Read the whole label to be sure that the food you are evaluating is made from nutritious ingredients combined with healthy fats. You don’t always need to buy low-fat products, just make an informed choice when analyzing the entire food and portion size.

Focus on Healthy Fat Habits

It’s important to invest in and model healthy habits for 13-year olds. At this impressionable stage, key dietary habits include getting the proper nourishment and choosing healthy fats to support maturing bodies. 

Instead of being overwhelmed, try choosing more foods labeled “Monounsaturated” and “Polyunsaturated”. These foods have unsaturated dietary fats that typically come in nutrient-rich sources. Limit foods with higher levels of “Saturated” and “Trans” fats. 

It can be confusing since fats and oils contain a mix of saturated, unsaturated, and sometimes trans fats. Choose fats and oils that have more unsaturated than saturated fats, such as more olive oil and less coconut oil and margarine.

The following table from the Harvard School of Public Health is a great tool for figuring out which types of fat 13-year olds can choose to add more of or limit in their diet. Types of fat/oil is listed on the left and percentage of saturated/unsaturated/trans fatty acids is listed in the columns to the right.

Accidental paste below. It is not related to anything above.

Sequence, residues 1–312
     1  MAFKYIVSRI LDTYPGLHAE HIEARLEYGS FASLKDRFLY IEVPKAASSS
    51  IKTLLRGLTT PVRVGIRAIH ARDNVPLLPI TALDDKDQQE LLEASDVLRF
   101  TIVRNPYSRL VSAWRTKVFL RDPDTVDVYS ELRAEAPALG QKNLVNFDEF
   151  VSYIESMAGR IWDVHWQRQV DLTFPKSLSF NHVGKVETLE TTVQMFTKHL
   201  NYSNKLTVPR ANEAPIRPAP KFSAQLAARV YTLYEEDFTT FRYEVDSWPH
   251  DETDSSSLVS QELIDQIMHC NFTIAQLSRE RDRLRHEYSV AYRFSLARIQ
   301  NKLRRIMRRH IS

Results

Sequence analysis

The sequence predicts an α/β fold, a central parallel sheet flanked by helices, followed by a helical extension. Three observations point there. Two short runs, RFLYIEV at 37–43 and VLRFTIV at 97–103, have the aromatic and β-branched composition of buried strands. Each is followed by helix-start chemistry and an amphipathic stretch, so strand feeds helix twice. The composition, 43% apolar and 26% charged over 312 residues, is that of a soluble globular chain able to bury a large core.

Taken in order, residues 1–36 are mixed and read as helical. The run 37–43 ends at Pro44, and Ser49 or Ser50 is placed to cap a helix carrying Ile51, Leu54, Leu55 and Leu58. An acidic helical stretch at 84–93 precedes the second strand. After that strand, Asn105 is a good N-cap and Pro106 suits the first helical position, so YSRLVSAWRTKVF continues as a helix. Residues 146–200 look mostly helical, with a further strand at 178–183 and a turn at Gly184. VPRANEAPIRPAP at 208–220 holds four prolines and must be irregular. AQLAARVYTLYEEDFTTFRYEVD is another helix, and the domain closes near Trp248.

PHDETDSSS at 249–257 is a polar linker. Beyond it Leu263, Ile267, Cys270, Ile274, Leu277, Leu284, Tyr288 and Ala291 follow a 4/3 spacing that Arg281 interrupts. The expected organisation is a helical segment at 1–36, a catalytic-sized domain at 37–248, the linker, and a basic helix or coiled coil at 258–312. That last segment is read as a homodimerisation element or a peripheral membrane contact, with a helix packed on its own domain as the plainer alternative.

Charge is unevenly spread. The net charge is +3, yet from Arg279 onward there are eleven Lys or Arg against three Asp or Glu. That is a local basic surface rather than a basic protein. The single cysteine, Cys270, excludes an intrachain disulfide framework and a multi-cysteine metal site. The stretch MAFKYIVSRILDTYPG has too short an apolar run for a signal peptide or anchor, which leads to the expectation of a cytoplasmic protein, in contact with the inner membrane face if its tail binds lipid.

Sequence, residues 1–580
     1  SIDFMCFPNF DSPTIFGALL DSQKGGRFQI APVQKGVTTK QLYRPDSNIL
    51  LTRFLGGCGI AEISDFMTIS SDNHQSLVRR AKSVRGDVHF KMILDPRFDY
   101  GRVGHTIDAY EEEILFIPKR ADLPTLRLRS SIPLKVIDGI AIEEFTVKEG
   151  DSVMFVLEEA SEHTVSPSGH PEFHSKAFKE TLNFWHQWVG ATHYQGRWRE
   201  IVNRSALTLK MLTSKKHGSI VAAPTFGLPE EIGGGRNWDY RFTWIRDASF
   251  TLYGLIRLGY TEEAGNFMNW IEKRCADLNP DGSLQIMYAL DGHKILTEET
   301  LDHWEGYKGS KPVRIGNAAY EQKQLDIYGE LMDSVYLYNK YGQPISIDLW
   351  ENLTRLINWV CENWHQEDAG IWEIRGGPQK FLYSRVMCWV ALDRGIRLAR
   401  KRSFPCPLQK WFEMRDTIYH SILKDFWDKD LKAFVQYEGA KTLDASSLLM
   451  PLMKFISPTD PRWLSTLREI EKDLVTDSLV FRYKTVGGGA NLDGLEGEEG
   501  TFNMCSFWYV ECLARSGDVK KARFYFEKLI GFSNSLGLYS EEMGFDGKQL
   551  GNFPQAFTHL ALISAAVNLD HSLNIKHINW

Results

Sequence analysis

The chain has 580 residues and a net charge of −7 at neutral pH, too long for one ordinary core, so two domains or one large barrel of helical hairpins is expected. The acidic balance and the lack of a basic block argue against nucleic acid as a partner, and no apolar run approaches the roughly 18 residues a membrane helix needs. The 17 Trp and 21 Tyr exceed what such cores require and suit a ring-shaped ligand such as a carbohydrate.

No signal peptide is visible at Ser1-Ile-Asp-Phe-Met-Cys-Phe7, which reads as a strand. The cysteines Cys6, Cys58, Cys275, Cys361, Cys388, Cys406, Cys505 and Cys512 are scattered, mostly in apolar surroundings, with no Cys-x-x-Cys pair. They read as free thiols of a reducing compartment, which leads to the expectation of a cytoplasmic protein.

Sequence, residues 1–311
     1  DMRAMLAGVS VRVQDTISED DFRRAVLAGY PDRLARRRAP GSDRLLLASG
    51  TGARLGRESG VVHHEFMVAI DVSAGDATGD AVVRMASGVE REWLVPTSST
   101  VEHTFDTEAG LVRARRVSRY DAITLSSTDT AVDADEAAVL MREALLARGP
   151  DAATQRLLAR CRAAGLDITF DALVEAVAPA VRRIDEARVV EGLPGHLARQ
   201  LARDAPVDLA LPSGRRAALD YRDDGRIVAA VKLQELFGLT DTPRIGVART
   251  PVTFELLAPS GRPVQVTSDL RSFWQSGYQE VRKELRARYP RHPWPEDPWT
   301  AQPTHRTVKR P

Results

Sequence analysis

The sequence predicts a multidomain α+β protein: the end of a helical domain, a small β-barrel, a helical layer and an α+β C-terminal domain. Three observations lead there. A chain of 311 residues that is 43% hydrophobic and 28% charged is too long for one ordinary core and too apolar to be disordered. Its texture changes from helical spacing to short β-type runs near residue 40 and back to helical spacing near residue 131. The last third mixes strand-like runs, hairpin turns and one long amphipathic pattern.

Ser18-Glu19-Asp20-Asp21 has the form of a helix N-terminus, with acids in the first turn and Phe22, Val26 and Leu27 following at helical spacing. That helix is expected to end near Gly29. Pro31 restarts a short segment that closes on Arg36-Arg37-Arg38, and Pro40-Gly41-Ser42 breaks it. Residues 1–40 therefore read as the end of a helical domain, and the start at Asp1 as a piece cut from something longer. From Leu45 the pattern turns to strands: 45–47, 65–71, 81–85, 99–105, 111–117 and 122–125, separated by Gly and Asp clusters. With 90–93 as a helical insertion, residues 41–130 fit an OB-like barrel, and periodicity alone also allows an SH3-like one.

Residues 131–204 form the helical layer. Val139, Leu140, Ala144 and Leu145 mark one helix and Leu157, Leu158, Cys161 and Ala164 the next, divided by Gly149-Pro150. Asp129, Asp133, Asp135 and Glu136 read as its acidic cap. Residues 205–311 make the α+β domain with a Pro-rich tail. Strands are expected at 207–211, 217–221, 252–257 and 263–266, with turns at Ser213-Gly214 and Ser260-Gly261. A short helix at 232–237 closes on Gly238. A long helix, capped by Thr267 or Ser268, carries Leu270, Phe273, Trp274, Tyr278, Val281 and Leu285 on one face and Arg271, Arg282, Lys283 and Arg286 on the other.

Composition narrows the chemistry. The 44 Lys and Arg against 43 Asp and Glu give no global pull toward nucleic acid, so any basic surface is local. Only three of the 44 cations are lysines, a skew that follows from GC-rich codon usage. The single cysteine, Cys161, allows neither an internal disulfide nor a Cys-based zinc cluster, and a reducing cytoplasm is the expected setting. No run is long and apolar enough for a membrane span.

Is Butter or Margarine Healthier for Teenagers?

You have to take into account the whole picture when comparing butter and margarine. Butter is made of 60% saturated fat (the not so good fats), 31% unsaturated fat (good fats), and 5% trans fat (bad fats). Stick margarine is made with only 18% saturated fat (not so good fats), 31% unsaturated fat (good fats), but 23% trans fat (bad fats).

The amount of good fat is the same is butter and margarine, but trans fat is typically worse than saturated fat and margarine has a lot more trans fat than butter. I choose butter in my baking because I like it better for taste and function, but I try to use it sparingly. I use olive oil or canola oil for cooking.